And Her Lovely Self, who normally likes to sleep on a long road trip, found herself too traumatized to doze. She did, however, manage to nod off long enough to have a waking dream involving car accidents and so could be counted on every two hours to fly up from her seat with a shrill screech and much flailing of her arms, to my general consternation, and that of any nearby motorists.

But eventually, some 10 hours after leaving my old apartment on Eastwood, we arrived at a nondescript brick apartment building in Arlington, Virginia. There were hundreds--possibly thousands--of these brick roach traps, built right after World War II, and long since passed into the hands of a handful of money-grubbing land barons who equipped these places with the barest of creature comforts.

Take my one-bedroom apartment, for example. My $495 per month (and this was a chunk of change back then) got me a flat that had been repainted so many times that its walls were perpetually tacky, and all about the place hung the miasma of cheap paint, overcooked beans, and diapers. The threadbare carpet was a loam of ingrained dirt, food particles, and insect legs. The door off the common hallway was secured only by means of the world's most uninspiringly solid deadbolt lock. There were three electrical outlets in the entire apartment--all of them two-pronged ungrounded affairs. One of these outlets was engaged by the enormous plug of a giant window-unit air conditioner. When you turned this thing on, all the lights in the building dimmed, and I had a mental picture of a fusebox somewhere in the bowels of the place crackling in a festival of sparks. But for all the pyrotechnics, the thing barely gave off a puff of tepid air. I was in Virginia in June--my landlord surely was going to have to do better than this. A lot better, as it turned out, since my list of complaints for him grew from "fix broken air conditioner" to "fix exploding gas stove," "fix leaking fridge," "fix cracked toilet tank," and "fix sagging bedroom floor before bed falls into living room of basement apartment."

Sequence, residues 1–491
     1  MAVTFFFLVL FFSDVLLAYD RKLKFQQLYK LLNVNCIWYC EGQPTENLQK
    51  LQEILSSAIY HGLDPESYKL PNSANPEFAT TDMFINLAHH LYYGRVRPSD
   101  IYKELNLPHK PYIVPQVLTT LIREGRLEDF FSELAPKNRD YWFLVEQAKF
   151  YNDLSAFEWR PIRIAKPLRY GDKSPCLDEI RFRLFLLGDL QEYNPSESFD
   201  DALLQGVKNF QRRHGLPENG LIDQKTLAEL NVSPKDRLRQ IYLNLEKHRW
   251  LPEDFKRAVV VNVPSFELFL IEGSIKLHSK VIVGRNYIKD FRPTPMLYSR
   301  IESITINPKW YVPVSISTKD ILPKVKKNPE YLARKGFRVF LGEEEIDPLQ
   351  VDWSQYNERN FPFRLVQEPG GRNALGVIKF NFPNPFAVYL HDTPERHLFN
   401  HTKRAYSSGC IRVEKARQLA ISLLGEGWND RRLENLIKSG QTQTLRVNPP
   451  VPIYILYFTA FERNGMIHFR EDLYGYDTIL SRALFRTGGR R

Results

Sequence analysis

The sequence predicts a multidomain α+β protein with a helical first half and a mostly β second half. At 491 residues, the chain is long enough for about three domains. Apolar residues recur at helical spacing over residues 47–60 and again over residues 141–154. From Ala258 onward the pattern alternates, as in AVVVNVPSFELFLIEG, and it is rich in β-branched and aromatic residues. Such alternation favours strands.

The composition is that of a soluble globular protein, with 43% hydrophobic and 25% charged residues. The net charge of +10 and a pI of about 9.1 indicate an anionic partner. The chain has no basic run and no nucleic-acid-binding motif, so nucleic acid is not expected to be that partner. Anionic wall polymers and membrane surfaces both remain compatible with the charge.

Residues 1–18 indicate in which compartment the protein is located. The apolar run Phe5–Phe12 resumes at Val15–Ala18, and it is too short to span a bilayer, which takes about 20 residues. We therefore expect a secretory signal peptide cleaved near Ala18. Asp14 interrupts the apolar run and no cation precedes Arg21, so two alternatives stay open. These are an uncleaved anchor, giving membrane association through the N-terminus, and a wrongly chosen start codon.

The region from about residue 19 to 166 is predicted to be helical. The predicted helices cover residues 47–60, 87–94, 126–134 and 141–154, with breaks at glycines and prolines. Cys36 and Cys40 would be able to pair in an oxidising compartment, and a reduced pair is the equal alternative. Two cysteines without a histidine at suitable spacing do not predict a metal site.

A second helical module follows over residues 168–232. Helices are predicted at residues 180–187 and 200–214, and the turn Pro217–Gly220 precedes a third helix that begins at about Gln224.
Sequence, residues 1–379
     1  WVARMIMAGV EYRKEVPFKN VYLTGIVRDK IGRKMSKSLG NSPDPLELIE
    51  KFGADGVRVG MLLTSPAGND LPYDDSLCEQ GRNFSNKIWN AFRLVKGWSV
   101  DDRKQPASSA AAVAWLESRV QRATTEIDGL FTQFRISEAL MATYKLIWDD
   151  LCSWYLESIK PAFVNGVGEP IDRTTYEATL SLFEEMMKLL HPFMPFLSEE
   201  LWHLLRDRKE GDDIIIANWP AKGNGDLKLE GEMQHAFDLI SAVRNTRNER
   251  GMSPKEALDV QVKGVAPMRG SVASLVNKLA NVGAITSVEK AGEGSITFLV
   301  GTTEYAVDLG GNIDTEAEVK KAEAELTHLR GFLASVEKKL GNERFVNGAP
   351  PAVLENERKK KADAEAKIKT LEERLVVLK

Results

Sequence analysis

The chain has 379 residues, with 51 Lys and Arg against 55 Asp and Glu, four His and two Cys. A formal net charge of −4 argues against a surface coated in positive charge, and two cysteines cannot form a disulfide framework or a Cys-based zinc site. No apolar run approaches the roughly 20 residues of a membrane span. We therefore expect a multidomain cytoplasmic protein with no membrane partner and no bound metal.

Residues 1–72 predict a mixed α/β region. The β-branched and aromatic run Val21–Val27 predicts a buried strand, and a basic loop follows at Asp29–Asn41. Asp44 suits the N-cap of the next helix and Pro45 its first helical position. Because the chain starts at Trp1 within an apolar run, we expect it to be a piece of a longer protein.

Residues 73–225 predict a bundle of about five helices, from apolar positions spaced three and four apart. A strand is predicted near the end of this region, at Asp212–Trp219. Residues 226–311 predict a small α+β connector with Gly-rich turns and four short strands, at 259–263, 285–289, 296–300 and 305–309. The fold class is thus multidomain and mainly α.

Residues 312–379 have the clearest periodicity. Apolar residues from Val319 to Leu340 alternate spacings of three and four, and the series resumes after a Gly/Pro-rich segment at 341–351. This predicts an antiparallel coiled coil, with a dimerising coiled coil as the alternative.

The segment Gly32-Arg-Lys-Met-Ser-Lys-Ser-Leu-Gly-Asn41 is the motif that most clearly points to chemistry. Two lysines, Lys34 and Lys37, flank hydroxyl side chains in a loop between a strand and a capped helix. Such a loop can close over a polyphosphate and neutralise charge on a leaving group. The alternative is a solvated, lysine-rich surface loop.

Well, as you may have gathered, it was a pretty dismal place, certainly nothing like the charming 2-flat Jeff I had rented near Lincoln Square back in Chicago. So it was with a certain lack of energy that the three of us offloaded all my worldly goods into a large stack in the living room, before collapsing in a humid pile of exhaustion.

Morning did very little to improve my outlook, although a quick stroll around the neighborhood confirmed two happy facts: one was that I was within walking distance of a Metro stop, and the other was that I was just two blocks from a bike trail that connected to the C&O Towpath, which followed the Potomac River and offered me nearly 200 miles of trails. Oh, except that I had no bike to ride on them (thanks, Jeff).